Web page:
Kodiak High School senior Kaelie Polhemus has dreamed of performing the role of the Sugar Plum Fairy in “The Nutcracker” for most of her life. On Friday her dream will become a reality.
“I’ve been wanting to be the Sugar Plum Fairy since I was a little girl. And finally realizing that I’m the age of someone that can dance this role, it’s pretty crazy,” said 18-year-old Polhemus. She will finally be able to dance the iconic Dance of the Sugar Plum Fairy.
“The Nutcracker” recounts the adventures of Clara who befriends a nutcracker on Christmas Eve, is taken through fantastical worlds and eventually battles the Mouse King. The ballet, which will be performed Dec. 6-8 at the Gerald C. Wilson Auditorium, is presented by the Kodiak Arts Council and next Step Dance Kodiak.
The Sugar Plum Fairy, “is the top dog of the Land of the Sweets. She has a pretty big role in the whole scene: crowning Clara and welcoming her into the kingdom, and she dances with the prince,” Polhemus said.
Polhemus said she is most excited about the role because she will be able to partner with a professional dancer, Nic Gili from Idaho. Gili has trained at the Kirov Academy and at summer intensives with Ballet West and Boston Ballet.
Partner dances allow ballerinas to jump higher and do moves they could not do on their own. With few male dancers in the industry, the opportunity to dance with a male partner is rare, she said.
Although she learned the Dance of the Sugar Plum Fairy with Gili only on Friday, she learns fast, Polhemus said.
Her practice was cut short with Gili after Polhemus sprained her ankle on Sunday.
“I had rehearsal with him Saturday and Sunday, and that’s it. And then I got injured after I danced that dance on Sunday,” said Polhemus, who is taking precautions to heal her ankle in time for Friday’s performance.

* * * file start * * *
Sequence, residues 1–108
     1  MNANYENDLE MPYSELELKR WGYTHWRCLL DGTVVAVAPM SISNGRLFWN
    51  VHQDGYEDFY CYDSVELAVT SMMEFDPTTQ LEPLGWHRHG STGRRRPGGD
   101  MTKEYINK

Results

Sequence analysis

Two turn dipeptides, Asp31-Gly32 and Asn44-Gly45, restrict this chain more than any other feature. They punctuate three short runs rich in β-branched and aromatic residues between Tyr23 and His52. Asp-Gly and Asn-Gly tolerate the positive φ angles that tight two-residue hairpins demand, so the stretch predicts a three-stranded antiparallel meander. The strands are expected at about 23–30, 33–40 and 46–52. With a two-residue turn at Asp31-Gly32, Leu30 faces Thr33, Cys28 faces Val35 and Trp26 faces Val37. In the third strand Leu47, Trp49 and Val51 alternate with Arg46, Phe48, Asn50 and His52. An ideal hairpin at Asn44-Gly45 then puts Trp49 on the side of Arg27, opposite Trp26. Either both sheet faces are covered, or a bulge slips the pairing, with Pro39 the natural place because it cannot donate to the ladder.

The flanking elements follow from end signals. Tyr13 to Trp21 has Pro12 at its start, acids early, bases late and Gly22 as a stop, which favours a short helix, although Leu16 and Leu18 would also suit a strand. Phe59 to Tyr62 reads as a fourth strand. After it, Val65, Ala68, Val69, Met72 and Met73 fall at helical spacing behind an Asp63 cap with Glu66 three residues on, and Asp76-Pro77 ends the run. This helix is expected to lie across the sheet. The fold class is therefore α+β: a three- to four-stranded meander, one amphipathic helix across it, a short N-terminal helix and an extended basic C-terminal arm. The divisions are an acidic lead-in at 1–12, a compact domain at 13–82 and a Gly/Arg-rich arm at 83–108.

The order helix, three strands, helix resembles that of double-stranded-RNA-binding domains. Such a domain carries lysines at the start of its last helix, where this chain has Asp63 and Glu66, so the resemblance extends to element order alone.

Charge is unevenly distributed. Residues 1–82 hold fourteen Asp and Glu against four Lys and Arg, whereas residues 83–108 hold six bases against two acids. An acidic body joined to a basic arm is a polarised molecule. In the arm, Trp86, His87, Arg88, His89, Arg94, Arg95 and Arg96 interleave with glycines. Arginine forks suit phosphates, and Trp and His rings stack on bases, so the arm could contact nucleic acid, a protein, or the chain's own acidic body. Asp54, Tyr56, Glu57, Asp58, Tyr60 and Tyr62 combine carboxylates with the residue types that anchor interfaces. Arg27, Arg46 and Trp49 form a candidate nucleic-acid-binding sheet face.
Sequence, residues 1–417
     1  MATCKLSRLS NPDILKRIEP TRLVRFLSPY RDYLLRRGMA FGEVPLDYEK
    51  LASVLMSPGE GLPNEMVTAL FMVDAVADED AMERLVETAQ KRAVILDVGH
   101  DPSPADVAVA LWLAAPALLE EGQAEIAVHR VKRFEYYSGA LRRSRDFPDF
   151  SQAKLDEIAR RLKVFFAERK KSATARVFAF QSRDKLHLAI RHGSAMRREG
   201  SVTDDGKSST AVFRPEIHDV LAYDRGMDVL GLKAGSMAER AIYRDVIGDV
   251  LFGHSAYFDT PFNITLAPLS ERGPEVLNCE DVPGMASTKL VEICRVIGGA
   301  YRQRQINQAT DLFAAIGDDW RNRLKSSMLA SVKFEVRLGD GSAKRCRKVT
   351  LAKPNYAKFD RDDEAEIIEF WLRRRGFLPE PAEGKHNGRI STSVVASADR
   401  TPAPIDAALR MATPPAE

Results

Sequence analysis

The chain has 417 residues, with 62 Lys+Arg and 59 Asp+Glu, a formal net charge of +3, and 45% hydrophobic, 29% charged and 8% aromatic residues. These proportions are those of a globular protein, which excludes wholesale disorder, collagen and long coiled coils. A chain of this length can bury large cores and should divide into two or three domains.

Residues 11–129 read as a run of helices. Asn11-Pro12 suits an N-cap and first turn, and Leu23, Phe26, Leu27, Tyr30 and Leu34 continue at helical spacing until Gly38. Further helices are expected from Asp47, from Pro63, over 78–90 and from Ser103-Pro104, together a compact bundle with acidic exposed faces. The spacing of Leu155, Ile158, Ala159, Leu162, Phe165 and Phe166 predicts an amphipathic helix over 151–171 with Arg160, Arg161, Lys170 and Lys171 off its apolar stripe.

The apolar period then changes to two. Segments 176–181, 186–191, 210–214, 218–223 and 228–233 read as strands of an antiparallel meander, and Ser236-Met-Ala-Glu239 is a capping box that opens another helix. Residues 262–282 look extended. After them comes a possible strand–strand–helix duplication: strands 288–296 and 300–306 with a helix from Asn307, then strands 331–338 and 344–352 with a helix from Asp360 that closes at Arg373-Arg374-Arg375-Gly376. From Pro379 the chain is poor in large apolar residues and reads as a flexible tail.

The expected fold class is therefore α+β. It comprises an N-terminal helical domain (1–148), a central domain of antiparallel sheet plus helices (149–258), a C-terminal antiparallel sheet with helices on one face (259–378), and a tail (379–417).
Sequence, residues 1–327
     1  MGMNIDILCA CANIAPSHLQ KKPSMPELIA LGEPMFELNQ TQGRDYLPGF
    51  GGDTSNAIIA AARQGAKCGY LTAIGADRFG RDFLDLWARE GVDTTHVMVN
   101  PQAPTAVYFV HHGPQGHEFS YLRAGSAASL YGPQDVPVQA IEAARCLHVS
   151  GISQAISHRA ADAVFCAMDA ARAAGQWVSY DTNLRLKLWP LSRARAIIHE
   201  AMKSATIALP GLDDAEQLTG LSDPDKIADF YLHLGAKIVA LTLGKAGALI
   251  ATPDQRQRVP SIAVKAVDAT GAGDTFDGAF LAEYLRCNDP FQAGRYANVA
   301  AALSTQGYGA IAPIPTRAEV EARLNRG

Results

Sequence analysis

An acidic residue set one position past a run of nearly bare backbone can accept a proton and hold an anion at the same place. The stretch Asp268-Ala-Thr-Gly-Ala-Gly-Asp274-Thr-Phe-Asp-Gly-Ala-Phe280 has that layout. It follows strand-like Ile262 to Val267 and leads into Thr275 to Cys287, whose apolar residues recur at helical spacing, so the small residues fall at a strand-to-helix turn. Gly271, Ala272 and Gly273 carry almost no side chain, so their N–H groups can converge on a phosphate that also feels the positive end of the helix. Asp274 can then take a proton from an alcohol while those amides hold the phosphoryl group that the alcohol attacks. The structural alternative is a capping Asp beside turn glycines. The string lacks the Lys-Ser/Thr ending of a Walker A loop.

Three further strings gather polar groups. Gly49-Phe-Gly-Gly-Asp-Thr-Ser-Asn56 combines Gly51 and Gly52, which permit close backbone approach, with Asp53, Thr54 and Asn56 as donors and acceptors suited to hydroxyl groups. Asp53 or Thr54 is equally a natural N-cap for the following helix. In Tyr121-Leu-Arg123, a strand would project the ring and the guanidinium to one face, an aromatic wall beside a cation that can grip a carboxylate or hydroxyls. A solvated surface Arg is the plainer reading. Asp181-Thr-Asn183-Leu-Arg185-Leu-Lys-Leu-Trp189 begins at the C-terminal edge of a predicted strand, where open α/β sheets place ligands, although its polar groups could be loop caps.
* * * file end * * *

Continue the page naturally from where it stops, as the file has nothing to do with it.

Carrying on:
To learn the choreography, Polhemus and Gili watched Royal Ballet videos on YouTube and were coached by Mary Beth Loewen, owner of Next Step Dance Kodiak. Most of the choreography stays true to the original ballet, but Loewen changed some of the lifts to make them more “spectacular and showy,” Polhemus said.
Loewen, who has taught Polhemus for the past two years, said her student is a hard worker. Polhemus started practicing her choreography even before rehearsals began, Loewen said.
“She has looked forward to doing this role for many years. It is a role that many dancers dream to do, especially in Kodiak,” Loewen said, adding that it is a pleasure to watch Polhemus dance and perform onstage.
Polhemus, the daughter of a Coast Guard servicemember, has trained in ballet since she was 3 years old.
While living in Reno, Nevada, a few years ago, she trained about four hours per day for four years at the Nevada Dance Academy. She also competed at the world-renowned classical ballet competition Youth America Grand Prix. In 2017, she was the national scholarship winner for Encore Dance Competition.
Although Polhemus has lived in Kodiak for the last two years, she also lived on the island when she was in elementary school.
Since returning to Kodiak, Polhemus has performed in “Le Corsaire” in the lead role of Medora and “The Wizard of Oz” as the Scarecrow.
“For a small island you wouldn’t think there is such good ballet. I love the ballet here,” Polhemus said. “You get more one-on-one time with your teacher. It’s just a small town feel.”
In the Lower 48, Polhemus primarily trained in the Cecchetti method, an Italian style of classical ballet, which varies from the Russian style practiced in Kodiak.
“Cecchetti is more about how your lines look, how your body would look from the audience,” she said. “The Russian way is not as prominent on the artistic and visual aspects like the Cecchetti. They are more focused on technique.”
Polhemus said she loves ballet because of the dance’s rules and orderliness.
“Ballet gives you that opportunity to grow and progress over time. It feels amazing once you master those hard steps,” Polhemus said.
Despite her passion for ballet, she is not planning on pursuing a professional ballet career, because of its difficulties — highly competitive, low pay, short career span. Instead, she wants to become a dentist.
“I’ll probably dance in college, but making it my whole career probably won’t happen,” Polhemus said.
If you go
Friday’s performance begins at 7 p.m., while Saturday’s shows start at 2 and 7 p.m. The final show is Sunday at 2 p.m.
Tickets can be purchased at kodiakarts.org or by calling the Kodiak Arts Council at 486-5291. Tickets will also be available at the Gerald C. Wilson Auditorium box office an hour before each show.